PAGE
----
Chatting with a friend who recently got married and discussing her transition from a daughter to a daughter-in-law, I was touched that a new relation had caused a sense of awakening in her about family unity.
Things she now misses most after marriage are fights with her mom, clarifying a late night outing to her elder brother when back home and dads hand on her head. She wants to fight with her mother to hug her more, she wants to communicate her silent sense of respect for her father and she wants to forgive her elder brother for being extra possessive.
In order to fulfill her individual desires, she led her own separate life as a daughter which left her disconnectedness within the family.
Are you spending enough time with your family? Who defines ‘enough’?
There is no measure or may be the only measure is the human emotion experienced while you are spending time with them. In the Gita, Arjuna stresses on the importance of home life. Its shattering causes melancholy for years.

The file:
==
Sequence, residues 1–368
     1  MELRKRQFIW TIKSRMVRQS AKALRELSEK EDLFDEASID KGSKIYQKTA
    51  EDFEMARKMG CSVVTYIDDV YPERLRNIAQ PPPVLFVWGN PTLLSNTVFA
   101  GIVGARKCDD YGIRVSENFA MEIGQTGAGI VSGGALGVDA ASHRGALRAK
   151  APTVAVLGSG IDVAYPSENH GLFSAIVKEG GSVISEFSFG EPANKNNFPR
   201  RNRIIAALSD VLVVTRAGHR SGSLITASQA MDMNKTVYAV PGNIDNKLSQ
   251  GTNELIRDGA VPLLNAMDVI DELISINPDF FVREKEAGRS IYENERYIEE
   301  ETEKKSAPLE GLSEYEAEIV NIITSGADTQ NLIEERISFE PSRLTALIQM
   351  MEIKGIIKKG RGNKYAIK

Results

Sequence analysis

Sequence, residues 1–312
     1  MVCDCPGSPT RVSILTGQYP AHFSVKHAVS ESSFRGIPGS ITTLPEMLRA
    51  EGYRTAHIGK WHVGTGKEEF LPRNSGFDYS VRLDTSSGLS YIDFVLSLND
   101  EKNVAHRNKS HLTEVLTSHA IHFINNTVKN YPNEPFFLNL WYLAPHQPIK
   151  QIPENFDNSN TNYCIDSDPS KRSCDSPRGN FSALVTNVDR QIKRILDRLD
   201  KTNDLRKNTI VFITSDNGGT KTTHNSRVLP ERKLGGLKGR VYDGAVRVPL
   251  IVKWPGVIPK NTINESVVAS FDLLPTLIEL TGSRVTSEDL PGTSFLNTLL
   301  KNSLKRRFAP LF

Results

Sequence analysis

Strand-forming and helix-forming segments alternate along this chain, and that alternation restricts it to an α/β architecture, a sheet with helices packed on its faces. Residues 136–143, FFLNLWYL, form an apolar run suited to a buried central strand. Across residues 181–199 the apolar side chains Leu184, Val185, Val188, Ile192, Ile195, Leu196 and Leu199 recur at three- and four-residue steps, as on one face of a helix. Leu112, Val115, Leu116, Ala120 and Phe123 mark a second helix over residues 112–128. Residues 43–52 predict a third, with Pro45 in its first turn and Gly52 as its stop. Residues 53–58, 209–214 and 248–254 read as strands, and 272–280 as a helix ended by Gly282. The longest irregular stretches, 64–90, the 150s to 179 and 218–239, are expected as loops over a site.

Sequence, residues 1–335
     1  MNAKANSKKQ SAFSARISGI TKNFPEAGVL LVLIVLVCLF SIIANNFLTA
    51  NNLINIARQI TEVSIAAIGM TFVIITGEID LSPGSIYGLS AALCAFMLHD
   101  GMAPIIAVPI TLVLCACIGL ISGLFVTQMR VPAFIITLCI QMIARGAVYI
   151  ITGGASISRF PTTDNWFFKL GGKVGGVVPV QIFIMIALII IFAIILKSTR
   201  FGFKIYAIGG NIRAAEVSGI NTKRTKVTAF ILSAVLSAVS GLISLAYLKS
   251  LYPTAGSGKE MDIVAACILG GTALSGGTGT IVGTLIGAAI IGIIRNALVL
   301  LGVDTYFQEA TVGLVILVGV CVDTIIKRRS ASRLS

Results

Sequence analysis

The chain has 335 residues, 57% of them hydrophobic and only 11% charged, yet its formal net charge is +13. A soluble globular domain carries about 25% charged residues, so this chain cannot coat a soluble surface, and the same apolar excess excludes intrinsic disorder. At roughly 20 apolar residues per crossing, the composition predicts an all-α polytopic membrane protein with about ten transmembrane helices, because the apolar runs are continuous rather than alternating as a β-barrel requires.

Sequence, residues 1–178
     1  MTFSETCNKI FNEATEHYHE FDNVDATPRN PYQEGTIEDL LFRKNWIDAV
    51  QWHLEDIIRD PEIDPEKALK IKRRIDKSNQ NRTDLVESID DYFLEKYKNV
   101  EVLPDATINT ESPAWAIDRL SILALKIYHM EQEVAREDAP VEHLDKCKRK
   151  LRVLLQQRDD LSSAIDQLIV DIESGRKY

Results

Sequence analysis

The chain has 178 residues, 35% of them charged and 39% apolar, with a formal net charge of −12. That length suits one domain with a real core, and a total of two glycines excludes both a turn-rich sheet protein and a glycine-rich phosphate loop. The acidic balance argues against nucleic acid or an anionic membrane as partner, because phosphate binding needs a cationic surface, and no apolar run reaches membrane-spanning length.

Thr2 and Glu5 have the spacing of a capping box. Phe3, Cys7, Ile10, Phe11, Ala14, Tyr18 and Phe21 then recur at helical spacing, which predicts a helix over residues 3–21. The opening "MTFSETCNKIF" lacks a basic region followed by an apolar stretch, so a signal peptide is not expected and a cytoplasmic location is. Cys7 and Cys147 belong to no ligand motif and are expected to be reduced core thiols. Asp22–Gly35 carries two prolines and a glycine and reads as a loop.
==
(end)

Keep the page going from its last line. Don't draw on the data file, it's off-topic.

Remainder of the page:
Unity of the community as a whole is a result of unity of a particular family. Cultural purity of a family leads to unity of thought within family. To live by dharma means to maintain the cultural sanctity of one’s own family.
Respect for each other is the key for a happy and joyous family. Silent respect is often misunderstood. It has to be backed by communication. Talking, communicating and responding create threads of happiness in human ties. They flourish when watered with love, tears and cheers- catalyst of all being communication.
Another crucial factor is the practice of forgiveness. Krishna says in the Gita that ‘forgiveness is one of the characteristics of one born for a divine state’. A hug is the most underestimated and least practiced act by many. We do believe in the power of sharing love through hugs; but do we practice it? When was the last time you hugged your mother to tell her you love her?